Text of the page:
0
views
0
recommends
+1 Recommend
0 collections
    0
    shares
      • Record: found
      • Abstract: found
      • Article: not found

      Leveraging Math Cognition to Combat Health Innumeracy

      Read this article at

      ScienceOpenPublisher
      Bookmark
          There is no author summary for this article yet. Authors can add summaries to their articles on ScienceOpen to make them more accessible to a non-specialist audience.

          Abstract

          Rational numbers (i.e., fractions, percentages, decimals, and whole-number frequencies) are notoriously difficult mathematical constructs. Yet correctly interpreting rational numbers is imperative for understanding health statistics, such as gauging the likelihood of side effects from a medication. Several pernicious biases affect health decision-making involving rational numbers. In our novel developmental framework, the natural-number bias—a tendency to misapply knowledge about natural numbers to all numbers—is the mechanism underlying other biases that shape health decision-making. Natural-number bias occurs when people automatically process natural-number magnitudes and disregard ratio magnitudes. Math-cognition researchers have identified individual differences and environmental factors underlying natural-number bias and devised ways to teach people how to avoid these biases. Although effective interventions from other areas of research can help adults evaluate numerical health information, they circumvent the core issue: people’s penchant to automatically process natural-number magnitudes and disregard ratio magnitudes. We describe the origins of natural-number bias and how researchers may harness the bias to improve rational-number understanding and ameliorate innumeracy in real-world contexts, including health. We recommend modifications to formal math education to help children learn the connections among natural and rational numbers. We also call on researchers to consider individual differences people bring to health decision-making contexts and how measures from math cognition might identify those who would benefit most from support when interpreting health statistics. Investigating innumeracy with an interdisciplinary lens could advance understanding of innumeracy in theoretically meaningful and practical ways.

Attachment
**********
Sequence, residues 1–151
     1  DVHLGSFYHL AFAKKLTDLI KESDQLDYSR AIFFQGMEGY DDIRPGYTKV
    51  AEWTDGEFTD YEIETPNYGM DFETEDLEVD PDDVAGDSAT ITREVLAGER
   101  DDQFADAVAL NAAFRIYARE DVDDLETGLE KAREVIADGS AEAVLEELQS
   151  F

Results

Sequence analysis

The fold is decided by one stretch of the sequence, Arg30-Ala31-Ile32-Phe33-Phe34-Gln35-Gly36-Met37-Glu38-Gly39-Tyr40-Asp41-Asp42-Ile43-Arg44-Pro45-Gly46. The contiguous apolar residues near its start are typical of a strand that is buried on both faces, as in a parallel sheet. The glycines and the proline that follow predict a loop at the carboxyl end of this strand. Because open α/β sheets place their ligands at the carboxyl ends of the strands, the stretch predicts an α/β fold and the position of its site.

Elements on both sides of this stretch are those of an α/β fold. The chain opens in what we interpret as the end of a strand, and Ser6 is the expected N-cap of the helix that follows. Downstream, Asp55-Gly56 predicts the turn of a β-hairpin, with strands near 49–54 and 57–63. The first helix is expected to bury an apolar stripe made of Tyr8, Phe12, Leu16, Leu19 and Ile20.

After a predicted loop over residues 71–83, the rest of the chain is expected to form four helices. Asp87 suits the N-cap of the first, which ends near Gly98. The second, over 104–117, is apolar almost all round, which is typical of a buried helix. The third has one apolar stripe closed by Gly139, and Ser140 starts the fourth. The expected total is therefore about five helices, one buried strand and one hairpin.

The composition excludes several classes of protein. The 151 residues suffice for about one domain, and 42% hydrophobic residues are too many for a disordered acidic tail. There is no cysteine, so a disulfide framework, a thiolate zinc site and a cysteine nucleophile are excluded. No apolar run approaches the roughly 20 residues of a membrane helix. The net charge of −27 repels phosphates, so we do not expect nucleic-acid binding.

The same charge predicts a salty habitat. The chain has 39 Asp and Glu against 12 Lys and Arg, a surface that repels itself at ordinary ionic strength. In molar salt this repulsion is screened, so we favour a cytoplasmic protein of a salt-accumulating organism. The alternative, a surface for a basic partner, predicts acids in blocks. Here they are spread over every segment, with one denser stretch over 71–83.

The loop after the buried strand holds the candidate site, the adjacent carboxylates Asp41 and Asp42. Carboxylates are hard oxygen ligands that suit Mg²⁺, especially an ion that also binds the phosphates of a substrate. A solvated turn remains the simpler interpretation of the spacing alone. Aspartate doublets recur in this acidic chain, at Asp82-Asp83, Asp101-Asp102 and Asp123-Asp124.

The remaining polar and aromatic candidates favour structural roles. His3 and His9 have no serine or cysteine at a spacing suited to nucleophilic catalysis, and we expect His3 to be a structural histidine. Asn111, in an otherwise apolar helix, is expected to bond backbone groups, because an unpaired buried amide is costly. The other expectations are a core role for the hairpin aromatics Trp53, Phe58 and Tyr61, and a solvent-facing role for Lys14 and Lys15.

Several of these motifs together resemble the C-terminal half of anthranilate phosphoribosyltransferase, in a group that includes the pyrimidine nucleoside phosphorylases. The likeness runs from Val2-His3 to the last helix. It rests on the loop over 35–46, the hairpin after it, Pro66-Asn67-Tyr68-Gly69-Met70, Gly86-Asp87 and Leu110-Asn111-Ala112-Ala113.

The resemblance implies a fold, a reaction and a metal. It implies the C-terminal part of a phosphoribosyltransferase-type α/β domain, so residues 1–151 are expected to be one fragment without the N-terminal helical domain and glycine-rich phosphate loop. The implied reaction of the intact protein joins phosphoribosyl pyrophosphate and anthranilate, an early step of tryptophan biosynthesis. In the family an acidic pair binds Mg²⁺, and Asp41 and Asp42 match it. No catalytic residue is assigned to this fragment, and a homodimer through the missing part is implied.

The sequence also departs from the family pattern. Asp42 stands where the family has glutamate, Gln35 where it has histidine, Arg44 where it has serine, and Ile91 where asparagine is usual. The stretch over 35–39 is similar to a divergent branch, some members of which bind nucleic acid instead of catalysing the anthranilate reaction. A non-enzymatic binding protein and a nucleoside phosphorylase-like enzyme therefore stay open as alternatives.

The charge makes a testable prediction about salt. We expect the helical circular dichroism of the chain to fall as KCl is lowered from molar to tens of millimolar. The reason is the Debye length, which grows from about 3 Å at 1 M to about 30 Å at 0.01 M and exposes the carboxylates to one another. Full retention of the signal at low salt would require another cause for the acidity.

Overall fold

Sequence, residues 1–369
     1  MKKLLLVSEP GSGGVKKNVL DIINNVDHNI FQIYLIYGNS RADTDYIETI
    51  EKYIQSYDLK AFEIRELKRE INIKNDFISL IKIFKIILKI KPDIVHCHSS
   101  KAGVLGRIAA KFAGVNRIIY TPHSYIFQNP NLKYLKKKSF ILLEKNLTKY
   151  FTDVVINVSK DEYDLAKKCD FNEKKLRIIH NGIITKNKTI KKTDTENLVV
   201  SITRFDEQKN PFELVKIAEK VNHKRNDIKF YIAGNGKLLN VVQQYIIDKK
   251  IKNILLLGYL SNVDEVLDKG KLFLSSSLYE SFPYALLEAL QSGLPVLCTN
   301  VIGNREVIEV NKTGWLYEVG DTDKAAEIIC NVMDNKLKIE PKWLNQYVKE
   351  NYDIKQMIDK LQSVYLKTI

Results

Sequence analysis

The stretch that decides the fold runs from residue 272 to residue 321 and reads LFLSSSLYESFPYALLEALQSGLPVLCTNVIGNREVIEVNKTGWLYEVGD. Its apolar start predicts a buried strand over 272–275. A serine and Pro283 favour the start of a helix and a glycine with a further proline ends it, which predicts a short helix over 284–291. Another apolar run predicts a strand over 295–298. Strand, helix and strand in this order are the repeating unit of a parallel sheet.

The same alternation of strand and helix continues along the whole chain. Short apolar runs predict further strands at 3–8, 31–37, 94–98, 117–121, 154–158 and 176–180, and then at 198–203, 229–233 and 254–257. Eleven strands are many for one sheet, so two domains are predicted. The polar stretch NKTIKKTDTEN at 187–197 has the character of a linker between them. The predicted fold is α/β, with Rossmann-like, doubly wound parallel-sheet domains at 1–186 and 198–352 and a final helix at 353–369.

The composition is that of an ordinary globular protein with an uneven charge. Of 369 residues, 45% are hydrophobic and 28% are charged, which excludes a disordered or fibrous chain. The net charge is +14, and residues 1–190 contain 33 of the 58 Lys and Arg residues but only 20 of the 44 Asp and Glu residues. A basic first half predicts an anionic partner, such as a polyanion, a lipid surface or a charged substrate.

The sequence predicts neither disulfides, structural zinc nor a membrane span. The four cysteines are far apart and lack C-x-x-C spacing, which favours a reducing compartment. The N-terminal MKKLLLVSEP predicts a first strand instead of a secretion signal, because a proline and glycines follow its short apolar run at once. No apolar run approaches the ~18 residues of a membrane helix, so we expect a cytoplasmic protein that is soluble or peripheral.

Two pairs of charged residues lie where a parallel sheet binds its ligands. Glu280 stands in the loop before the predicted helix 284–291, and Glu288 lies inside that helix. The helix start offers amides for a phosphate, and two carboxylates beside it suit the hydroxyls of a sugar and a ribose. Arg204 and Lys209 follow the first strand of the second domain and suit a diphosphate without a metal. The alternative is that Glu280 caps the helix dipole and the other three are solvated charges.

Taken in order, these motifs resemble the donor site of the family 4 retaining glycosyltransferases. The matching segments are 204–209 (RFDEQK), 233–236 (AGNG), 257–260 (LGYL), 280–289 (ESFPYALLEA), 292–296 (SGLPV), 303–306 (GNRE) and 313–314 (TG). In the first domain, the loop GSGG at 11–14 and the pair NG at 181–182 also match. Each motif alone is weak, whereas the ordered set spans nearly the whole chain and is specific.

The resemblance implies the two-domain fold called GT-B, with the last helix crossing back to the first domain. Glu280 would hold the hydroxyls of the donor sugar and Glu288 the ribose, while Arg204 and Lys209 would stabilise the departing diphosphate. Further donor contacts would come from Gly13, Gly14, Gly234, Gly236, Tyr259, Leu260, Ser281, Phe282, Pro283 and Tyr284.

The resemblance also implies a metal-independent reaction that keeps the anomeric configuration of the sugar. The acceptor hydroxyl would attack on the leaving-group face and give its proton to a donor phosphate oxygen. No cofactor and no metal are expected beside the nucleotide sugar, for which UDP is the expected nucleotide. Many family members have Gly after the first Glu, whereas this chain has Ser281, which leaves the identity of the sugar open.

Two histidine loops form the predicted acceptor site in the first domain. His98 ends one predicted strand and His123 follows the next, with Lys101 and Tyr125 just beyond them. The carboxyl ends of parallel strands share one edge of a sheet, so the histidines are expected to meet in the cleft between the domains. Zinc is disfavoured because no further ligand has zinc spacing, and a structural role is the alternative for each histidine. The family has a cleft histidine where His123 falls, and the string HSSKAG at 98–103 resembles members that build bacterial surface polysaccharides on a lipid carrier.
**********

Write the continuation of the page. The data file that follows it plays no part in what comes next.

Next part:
Related collections

          Most cited references151

          • Record: found
          • Abstract: not found
          • Article: not found

          Categorization and Representation of Physics Problems by Experts and Novices*

            Bookmark
            • Record: found
            • Abstract: found
            • Article: not found

            Core knowledge.

            Human cognition is founded, in part, on four systems for representing objects, actions, number, and space. It may be based, as well, on a fifth system for representing social partners. Each system has deep roots in human phylogeny and ontogeny, and it guides and shapes the mental lives of adults. Converging research on human infants, non-human primates, children and adults in diverse cultures can aid both understanding of these systems and attempts to overcome their limits.
              Bookmark
              • Record: found